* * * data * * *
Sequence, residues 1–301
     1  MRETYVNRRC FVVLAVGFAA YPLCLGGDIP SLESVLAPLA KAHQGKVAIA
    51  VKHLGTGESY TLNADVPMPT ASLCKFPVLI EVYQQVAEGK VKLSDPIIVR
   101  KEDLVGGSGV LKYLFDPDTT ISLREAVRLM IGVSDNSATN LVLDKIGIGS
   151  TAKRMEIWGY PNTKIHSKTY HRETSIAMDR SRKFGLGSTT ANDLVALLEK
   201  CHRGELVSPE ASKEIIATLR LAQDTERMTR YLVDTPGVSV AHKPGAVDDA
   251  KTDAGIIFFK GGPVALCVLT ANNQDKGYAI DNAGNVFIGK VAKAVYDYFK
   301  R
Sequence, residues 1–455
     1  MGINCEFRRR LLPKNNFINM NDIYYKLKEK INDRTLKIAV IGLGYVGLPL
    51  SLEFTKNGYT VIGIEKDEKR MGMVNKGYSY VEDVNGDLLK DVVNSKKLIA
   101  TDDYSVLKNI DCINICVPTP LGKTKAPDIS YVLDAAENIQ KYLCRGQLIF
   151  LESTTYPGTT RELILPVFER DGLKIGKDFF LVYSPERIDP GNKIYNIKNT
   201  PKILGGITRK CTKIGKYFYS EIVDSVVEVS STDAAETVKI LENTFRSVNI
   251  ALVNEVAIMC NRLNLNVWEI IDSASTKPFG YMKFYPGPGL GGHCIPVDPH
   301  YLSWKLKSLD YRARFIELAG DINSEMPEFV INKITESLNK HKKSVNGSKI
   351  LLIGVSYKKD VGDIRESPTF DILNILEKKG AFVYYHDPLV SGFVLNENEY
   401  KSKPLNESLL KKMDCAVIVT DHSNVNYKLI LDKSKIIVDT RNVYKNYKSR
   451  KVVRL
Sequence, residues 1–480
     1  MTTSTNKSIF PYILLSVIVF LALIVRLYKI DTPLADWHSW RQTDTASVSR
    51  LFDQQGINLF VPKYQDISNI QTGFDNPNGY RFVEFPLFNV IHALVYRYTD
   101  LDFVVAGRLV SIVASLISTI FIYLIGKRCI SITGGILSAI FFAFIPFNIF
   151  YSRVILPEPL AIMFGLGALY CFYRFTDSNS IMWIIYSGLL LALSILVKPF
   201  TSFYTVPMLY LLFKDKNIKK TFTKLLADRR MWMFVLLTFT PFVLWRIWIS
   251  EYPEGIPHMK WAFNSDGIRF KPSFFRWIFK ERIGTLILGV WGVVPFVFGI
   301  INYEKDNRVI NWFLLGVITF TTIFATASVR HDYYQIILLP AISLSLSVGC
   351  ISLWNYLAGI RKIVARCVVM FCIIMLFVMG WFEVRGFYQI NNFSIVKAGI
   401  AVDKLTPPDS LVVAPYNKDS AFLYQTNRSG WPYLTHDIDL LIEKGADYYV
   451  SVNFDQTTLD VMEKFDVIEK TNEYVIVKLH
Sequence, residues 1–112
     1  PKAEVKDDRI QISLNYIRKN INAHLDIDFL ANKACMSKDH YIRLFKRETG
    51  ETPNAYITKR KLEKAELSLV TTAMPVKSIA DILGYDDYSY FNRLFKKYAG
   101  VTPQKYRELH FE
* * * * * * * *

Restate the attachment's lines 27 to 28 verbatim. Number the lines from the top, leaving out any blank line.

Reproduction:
   301  INYEKDNRVI NWFLLGVITF TTIFATASVR HDYYQIILLP AISLSLSVGC
   351  ISLWNYLAGI RKIVARCVVM FCIIMLFVMG WFEVRGFYQI NNFSIVKAGI